Three steps to end email overload

Most people are familiar with the feelings of dread associated with an overflowing inbox, but there are ways to overcome this distraction and find focus.

One of the most common complaints we hear in business is ‘email’. Email grew on us without us realising it. Think back about ten years ago. You were receiving two to three emails a day. Email management was fun. Well it’s been a long time since I have heard the words email and fun linked together.

People are receiving around 50 emails a day. Some of my clients are receiving 200 emails per day.

Some interesting terms have been created recently:

Inboxicated – bad feeling when your inbox is exceeding the legal limit.

Spamnesia – constantly forgetting to delete junk mail resulting in a full inbox.

I remember a senior manager of an international business with 55,000 emails in his inbox, some read and some unread.

Why are we struggling with inbox management? There are many reasons for this:

– We procrastinate on emails because we allow emails to distract us. And this has a direct impact on our performance. We waste time checking the same emails several times without doing anything with it. I call this ‘multiple handling.’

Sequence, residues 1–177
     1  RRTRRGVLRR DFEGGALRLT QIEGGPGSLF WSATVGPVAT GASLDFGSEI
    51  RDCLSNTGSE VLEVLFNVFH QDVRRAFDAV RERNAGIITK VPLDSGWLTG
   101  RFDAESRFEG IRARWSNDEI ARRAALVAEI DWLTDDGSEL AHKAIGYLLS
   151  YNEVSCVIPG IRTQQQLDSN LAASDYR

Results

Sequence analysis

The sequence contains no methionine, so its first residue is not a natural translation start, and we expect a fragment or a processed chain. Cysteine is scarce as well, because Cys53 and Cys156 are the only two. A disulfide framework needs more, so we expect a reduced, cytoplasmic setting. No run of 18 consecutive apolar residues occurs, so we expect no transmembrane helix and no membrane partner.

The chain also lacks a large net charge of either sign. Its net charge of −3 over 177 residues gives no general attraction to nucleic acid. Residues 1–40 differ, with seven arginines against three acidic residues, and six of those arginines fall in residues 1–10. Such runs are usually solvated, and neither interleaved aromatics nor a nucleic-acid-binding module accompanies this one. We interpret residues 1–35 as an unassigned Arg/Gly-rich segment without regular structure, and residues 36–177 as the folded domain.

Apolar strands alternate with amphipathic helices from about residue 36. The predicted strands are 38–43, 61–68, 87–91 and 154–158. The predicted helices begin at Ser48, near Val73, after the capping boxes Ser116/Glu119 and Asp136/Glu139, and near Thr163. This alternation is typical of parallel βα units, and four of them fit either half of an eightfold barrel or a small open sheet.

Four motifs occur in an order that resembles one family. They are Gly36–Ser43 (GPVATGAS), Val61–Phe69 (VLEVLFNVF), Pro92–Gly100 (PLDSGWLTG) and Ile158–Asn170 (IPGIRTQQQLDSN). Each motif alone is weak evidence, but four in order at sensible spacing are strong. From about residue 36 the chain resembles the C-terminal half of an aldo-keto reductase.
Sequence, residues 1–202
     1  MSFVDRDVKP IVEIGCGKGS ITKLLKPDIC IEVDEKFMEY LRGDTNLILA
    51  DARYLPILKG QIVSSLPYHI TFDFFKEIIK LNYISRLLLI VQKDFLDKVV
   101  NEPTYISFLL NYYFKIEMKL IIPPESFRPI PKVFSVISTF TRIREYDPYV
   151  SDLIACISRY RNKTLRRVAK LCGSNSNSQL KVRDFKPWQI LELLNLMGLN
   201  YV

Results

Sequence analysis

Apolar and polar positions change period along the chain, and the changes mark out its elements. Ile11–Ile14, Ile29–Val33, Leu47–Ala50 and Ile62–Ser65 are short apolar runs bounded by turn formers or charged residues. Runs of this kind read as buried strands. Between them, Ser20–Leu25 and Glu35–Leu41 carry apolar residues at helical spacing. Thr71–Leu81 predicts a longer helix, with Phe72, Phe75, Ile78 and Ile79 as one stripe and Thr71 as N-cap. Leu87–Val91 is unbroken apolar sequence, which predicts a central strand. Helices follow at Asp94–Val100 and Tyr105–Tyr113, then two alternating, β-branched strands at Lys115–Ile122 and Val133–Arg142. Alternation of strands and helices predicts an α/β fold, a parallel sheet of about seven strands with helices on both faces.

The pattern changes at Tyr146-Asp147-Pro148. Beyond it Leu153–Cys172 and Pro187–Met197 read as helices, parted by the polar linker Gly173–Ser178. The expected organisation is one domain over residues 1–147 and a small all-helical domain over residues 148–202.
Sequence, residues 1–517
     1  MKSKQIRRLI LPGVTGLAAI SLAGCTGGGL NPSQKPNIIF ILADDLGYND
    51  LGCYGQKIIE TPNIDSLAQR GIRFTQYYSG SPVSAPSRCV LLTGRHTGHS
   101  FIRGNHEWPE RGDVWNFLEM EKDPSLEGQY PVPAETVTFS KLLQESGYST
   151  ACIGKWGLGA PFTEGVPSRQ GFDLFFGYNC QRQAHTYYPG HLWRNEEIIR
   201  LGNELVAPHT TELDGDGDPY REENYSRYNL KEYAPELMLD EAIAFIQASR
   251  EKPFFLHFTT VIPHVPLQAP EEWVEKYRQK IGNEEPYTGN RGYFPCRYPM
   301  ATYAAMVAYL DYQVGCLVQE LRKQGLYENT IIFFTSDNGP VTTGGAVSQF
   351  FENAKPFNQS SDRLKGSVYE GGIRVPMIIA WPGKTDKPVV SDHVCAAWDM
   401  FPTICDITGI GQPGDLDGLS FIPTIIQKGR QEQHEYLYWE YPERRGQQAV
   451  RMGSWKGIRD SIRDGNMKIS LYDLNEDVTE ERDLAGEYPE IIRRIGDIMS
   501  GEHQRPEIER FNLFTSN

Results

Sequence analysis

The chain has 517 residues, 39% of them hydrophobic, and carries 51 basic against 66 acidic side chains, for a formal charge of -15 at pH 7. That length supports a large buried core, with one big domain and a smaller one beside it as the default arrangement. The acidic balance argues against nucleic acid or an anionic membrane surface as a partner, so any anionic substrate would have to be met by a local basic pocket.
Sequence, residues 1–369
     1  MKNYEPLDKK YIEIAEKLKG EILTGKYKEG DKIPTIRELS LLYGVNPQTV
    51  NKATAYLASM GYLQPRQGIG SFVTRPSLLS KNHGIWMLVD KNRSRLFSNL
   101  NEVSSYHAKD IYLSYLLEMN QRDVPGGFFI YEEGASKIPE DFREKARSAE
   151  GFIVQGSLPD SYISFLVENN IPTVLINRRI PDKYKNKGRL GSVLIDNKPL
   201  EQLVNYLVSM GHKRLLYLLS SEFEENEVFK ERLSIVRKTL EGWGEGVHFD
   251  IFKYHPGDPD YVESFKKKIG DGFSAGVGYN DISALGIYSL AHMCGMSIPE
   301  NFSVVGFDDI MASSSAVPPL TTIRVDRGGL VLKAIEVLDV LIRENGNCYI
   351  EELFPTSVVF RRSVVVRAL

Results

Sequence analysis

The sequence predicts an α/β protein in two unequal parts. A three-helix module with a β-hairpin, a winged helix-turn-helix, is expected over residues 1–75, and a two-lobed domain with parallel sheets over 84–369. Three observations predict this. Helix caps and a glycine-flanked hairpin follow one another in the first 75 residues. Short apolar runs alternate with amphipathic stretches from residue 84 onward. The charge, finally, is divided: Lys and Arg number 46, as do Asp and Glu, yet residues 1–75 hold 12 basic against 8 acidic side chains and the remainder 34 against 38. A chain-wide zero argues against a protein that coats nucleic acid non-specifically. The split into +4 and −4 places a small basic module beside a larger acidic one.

– We let important requests slip and suddenly find ourselves in crisis mode.

– We end up stressed every time we look at the size of our inbox, looking at a huge to do list that we have no idea how to achieve.

Here are some simple suggestions to get on top of your email:

Batch

Check your email once, twice or three times per day. In between close your inbox. Do not check your emails. Remember, one of the key characteristics of top performers is focus. Do not allow emails to be a constant interruption.

One touch one decision - whenever you touch an email, ask yourself a simple question; How long will it take me to do it? If it’s less than 5 minutes, do it now. More than 5 minutes, decide when, diarise in your calendar and move to the next email. There is a world of difference between I will do it later (you are procrastinating) and I will do it tomorrow from 10am till 10.30am (you are making a decision).

Be ruthless

If the email will have little or no impact on your performance long term, spend very little time on it. Reserve your time for the few activities which will have a long term impact on your performance.

One touch out

As of today play a simple game. As soon as you have touched an email, you are not allowed to leave it in your inbox. You need to make a decision and move this email out of your inbox. A challenging game but life changing regarding emails.

This article is the third in a three-part series on corporate strategy, focused on increasing personal productivity. Read Part one (Making that hard-earned strategy work, November 29), Part two (Ending the mess of multi-tasking, December 7).

Cyril Peupion and his team at Primary Asset Consulting’s main focus is to increase productivity and work life balance by changing work habits. They work with executives and their team in Australia and around the world. Cyril is the author of ‘Work Smarter: Live Better’, which featured in the top 10 business books in Australia and top 100 Amazon worldwide.

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